Night of the Living Dead

(1968)

Directed by George Romero

Written by Romero & John Russo

Cast: Duane Jones, Judith O'Dea, Karl Hardeman, Marilyn Eastman, Keith Wayne, Judith Ridley

PURCHASE


The Millennium Edition DVD

Horror Film Retrospective

NIGHT OF THE LIVING DEAD
The classic film that launched the modern zombie genre 

By Steve Biodrowski

With this film, director-cinematographer-editor (and co-writer) George Romero set a new standard for horror with the low-budget opus, which launched a trilogy later continued with DAWN OF THE DEAD and DAY OF THE DEAD.

The film’s limited budget actually enhances the effectiveness, as the limited locations and cast create a sense of claustrophobic dread in the face of the living dead onslaught. The symbolic impact of the home under assault from outside is immense, and the disintegration of the group within adds immeasurably to the tension. The black-and-white images convey the horror in stark detail; the camera work and editing and perfectly suited to the subject matter. It’s hard to imagine how this film could be improved on with bigger production values and/or color photography (a fact born out by the competent but uninspired remake in 1990). There’s something intense and unrelenting about this film, which deliberately violates taboos and expectations, leaving the audience with no comfort level. A cynical, downer ending perfectly caps off this long, moody masterpiece. Guaranteed to give you the creeps.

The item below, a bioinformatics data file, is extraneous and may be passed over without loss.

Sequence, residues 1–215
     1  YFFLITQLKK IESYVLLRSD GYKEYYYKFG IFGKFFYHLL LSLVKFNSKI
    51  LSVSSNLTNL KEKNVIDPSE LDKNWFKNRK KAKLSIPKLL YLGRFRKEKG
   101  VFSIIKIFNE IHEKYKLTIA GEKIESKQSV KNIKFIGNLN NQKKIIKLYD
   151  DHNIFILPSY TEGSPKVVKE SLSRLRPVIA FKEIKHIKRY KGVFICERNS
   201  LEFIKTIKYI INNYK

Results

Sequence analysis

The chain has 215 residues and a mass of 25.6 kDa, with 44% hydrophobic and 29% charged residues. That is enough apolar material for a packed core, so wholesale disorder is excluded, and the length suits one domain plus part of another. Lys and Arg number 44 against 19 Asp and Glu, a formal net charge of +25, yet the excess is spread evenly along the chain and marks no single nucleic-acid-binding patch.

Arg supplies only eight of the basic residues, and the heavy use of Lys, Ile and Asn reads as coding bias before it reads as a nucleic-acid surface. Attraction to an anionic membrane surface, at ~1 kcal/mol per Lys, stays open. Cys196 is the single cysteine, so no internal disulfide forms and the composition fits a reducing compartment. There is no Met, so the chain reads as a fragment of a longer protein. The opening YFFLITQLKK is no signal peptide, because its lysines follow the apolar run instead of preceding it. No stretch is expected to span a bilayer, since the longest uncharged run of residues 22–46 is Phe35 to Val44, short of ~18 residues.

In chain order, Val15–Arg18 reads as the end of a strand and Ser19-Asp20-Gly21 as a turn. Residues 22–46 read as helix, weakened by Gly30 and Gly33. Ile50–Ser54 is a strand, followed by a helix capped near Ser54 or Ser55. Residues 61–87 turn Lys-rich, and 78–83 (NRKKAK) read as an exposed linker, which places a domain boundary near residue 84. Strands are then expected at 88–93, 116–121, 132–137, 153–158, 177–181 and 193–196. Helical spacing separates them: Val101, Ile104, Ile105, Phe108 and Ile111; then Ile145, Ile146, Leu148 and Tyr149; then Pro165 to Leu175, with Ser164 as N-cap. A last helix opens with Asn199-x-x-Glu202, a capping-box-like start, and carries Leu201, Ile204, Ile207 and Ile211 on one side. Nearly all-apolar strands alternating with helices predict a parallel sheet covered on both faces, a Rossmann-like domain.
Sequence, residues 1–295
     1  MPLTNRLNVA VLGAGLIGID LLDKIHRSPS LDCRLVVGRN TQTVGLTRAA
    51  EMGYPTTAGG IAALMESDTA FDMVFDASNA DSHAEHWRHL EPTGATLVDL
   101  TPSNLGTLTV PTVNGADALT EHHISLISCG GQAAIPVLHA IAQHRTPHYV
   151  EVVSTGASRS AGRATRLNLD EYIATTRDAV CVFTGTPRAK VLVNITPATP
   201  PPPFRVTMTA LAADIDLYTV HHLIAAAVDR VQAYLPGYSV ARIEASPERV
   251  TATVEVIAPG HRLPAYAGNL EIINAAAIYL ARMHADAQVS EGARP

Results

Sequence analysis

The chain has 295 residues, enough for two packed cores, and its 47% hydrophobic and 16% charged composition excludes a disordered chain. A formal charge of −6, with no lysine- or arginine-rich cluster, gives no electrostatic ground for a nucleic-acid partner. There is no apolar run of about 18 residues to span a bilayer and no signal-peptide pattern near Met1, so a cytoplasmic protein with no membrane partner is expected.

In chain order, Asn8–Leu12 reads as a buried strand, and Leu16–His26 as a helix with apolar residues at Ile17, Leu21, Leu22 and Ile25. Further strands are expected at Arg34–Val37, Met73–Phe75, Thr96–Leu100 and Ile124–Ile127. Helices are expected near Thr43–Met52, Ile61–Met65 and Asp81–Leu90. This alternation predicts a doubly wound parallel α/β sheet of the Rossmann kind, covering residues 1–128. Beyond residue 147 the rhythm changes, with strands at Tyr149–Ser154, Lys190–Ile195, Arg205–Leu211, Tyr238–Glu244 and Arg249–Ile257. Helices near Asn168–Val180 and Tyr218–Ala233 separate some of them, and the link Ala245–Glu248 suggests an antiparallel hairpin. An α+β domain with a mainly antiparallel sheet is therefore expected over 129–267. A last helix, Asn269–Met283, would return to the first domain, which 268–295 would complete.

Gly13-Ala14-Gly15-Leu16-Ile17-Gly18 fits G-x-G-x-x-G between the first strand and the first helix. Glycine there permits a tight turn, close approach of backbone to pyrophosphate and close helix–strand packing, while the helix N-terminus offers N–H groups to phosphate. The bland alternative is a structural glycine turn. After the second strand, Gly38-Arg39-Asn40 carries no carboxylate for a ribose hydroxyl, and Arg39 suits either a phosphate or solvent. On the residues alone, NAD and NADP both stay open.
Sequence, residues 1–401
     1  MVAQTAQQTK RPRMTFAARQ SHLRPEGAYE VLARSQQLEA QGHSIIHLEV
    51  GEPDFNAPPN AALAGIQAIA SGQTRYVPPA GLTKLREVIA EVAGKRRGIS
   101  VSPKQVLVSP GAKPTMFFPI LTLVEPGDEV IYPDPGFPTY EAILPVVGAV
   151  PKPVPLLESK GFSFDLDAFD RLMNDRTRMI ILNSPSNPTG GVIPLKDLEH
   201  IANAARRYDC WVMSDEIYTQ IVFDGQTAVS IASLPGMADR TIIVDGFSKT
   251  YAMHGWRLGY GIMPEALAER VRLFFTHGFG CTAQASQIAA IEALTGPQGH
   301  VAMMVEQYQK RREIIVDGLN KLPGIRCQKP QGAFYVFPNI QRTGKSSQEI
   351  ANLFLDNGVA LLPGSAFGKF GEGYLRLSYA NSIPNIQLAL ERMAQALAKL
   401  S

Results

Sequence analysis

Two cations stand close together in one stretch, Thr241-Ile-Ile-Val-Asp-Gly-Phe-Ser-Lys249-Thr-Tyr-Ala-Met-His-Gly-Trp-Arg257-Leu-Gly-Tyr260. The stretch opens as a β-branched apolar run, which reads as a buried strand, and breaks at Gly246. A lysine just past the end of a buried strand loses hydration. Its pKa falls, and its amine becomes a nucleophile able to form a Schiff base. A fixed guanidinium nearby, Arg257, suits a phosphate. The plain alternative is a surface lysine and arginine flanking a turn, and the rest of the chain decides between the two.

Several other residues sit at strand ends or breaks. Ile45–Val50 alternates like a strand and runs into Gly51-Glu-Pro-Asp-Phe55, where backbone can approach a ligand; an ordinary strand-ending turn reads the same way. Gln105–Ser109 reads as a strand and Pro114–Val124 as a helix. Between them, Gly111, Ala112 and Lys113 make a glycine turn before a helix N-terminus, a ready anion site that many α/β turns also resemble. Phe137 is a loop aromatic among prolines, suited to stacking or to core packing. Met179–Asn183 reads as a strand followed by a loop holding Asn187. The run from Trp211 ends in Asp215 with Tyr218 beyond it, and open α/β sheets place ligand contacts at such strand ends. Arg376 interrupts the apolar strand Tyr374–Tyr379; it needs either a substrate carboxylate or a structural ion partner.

Despite sequels, remakes, and rip-offs that would seem to have run the idea into the ground, the original NIGHT OF THE LIVING DEAD holds up quite well today—in some ways, even better than when it was originally released. The marauding ghouls remain as frightening as ever, thanks to black-and-white photography that retains its atmospheric impact. Equally impressive, repeated viewings reveal the effectiveness of the internal conflict between the human characters, as they argue endlessly about how to face the menace, instead of coordinating their efforts to confront the common enemy. What’s interesting in retrospect is the way the film invites you into identifying with Ben because he seems to be the traditionally heroic man of action, while subtly undermining his heroic status. He’s at least as belligerent as Harry Cooper, whom we’re obviously supposed to dislike; and although we assume that Ben is taking his position because it’s the right one, it could just as easily be that he likes getting his way and doesn’t want to hear what anyone else has to say. And of course, despite all his protestations to the contrary, after all his attempts to secure the house and escape have resulted in the deaths of the other characters, Ben finally does what Harry advocated all along: he locks himself into the cellar.

RELATED ARTICLES: Read a Retrospective of the Making of this film at CINEFANTASTIQUE ONLINE. Read a review of the stage adaptation, which made its debut in Hollywood in October 2006.


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